I’m looking forward to entering the peak of the rainy season, which brings a very special sound to the African bush. Shortly after the sun rises, the air will often be filled with deep booming notes. So deep and resonating that it can sometimes take a trained ear to tell it apart from the roar of a very distant lion.
When it comes to waking up and setting out into the bush early, I find that always gain far more than I initially seek. This particular morning was no exception. It was still and peaceful. We decided to stop in an open clearing where herds of impala surrounded us, with elephants feeding in the distance. With the vehicle’s engine off, we tee’d ourselves up perfectly to listen to the sounds of our surroundings. Especially, any animal alarm calls or perhaps even the rasping of the leopard we were searching for. We sat for a while enjoying the scene. Then suddenly, we heard faint booming notes.
The booming sound we heard was the duet between a male and female Southern Ground Hornbill, advertising their territory. The last thing my guests were thinking was that this sound was being made by a bird. My good friend and tracker Terrence, assured everyone that I had identified the sound correctly. On a quiet morning like this one, their call can be heard up to almost 2.5 miles away as it rumbles through the bush. With that being said, you’ve got a good chance of hearing them if they are in the area.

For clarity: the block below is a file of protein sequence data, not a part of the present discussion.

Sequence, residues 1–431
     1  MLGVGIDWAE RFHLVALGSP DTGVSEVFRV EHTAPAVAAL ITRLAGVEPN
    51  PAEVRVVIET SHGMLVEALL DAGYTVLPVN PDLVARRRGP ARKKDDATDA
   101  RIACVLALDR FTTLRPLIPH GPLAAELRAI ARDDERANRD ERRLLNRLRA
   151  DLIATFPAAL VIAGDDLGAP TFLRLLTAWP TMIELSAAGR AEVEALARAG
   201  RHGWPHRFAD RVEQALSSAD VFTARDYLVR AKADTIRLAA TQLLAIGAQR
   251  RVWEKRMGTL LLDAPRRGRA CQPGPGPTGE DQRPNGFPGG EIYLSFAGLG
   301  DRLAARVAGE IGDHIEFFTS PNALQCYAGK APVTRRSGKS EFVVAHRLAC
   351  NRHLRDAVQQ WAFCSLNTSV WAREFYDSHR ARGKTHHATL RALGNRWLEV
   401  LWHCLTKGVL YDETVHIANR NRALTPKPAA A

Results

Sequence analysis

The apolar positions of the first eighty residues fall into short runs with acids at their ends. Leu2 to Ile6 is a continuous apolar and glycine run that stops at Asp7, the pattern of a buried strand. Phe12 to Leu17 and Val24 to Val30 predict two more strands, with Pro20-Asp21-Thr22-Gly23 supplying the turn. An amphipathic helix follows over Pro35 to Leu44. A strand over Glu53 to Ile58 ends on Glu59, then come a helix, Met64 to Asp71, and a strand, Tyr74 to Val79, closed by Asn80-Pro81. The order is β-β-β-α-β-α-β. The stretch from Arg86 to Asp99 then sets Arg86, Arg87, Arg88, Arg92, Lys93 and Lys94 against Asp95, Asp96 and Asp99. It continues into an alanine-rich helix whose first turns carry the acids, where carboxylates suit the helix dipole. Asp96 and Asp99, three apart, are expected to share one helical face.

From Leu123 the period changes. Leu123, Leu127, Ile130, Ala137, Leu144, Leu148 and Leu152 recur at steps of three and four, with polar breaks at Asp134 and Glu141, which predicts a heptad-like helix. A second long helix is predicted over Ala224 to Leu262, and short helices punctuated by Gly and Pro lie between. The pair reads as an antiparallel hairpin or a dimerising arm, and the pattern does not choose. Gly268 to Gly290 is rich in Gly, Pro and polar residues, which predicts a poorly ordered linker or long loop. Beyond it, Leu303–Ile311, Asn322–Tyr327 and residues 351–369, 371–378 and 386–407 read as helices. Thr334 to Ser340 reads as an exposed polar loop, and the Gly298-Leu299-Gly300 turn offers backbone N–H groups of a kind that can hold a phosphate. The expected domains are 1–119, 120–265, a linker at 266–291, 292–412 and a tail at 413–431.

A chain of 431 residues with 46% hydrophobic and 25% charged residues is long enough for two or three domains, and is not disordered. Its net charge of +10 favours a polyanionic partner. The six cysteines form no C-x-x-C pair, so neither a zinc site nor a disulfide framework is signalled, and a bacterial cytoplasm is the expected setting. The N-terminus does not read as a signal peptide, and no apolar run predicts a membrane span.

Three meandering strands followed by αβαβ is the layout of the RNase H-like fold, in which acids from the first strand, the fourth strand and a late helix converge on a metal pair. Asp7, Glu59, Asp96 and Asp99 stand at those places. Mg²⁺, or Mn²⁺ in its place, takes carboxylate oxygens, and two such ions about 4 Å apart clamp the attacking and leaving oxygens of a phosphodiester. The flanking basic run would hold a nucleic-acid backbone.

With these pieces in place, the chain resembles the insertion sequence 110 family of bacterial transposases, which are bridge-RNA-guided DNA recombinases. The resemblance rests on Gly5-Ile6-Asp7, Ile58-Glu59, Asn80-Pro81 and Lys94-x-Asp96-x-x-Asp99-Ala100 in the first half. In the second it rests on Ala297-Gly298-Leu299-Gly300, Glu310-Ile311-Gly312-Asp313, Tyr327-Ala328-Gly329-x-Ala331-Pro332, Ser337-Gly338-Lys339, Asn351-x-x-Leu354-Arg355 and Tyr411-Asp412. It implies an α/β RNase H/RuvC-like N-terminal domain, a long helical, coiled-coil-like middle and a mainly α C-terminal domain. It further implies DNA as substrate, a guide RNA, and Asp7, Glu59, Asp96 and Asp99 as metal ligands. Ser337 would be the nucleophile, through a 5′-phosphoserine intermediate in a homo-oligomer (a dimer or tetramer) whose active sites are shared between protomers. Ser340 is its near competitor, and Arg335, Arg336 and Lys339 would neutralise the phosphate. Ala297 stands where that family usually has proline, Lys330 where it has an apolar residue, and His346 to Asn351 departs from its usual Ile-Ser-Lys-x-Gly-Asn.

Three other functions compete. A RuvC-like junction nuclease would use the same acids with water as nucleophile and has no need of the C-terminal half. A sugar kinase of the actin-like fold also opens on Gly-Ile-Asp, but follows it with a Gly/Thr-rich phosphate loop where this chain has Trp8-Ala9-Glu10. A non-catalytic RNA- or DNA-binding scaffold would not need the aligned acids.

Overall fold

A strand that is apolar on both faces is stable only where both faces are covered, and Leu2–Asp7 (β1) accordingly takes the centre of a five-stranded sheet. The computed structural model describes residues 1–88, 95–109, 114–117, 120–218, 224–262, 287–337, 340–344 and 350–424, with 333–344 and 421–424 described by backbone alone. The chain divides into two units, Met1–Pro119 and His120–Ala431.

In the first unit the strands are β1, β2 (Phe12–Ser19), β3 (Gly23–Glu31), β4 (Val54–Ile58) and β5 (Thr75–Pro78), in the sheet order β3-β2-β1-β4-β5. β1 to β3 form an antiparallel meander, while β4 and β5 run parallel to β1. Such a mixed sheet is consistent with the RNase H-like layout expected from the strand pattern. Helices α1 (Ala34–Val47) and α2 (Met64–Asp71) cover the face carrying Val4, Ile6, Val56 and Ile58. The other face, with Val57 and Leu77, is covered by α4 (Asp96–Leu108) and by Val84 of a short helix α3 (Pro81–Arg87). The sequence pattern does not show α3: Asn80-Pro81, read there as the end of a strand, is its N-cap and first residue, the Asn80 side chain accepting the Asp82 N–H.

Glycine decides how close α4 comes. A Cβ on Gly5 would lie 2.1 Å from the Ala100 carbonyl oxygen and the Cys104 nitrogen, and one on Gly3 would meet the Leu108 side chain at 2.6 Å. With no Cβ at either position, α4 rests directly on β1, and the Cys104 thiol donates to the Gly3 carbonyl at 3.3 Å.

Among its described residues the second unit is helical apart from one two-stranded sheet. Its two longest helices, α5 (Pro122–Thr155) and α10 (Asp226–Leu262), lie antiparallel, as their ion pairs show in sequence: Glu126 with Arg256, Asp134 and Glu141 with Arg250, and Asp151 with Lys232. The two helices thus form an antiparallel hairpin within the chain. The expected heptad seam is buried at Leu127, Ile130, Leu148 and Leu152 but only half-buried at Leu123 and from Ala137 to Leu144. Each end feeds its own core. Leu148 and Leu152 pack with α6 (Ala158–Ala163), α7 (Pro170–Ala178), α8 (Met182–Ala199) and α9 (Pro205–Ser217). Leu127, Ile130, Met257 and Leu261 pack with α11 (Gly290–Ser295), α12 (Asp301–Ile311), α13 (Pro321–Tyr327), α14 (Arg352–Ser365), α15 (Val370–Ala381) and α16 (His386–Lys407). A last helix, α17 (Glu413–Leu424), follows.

Southern Ground Hornbills have very large territories, and different family groups will proclaim their territories each morning. This ensures the surrounding groups will be aware of each other’s presence. In order for their call to be the most effective and travel large distances, I’ve seen them perform this booming call mostly from an elevated position. This is to avoid the sound being muffled out by trees or vegetation, helping it to have a further reach.
They create their booming call through the ability to inflate a sack-like chamber in their red wattle that covers their throat. The sound then reverberates through this sack, which enhances it. They also have a special chamber on their upper bill in order to amplify the sound. The male has a larger chamber, and this is why you will often hear the two different pitches in a morning duet, with the male’s being deeper in tone.
They are unmistakable in appearance, standing over a metre high when fully grown and weighing up to 5kg. They are the largest hornbill species in the world.
It was needless to say that later that day, we were caught in a torrential downpour accompanied by thunder rumbling in the distance. Whether or not they do actually bring the rain or because the rainy season coincides with their breeding season (which is when they are most vocal and territorial), will remain anyone’s guess. Whatever the belief is, these birds carry with them a great sense of veneration. Their call does stir some great imagery and emotion. It is for that reason that they are certainly right up there with my favourite birds found on the reserve.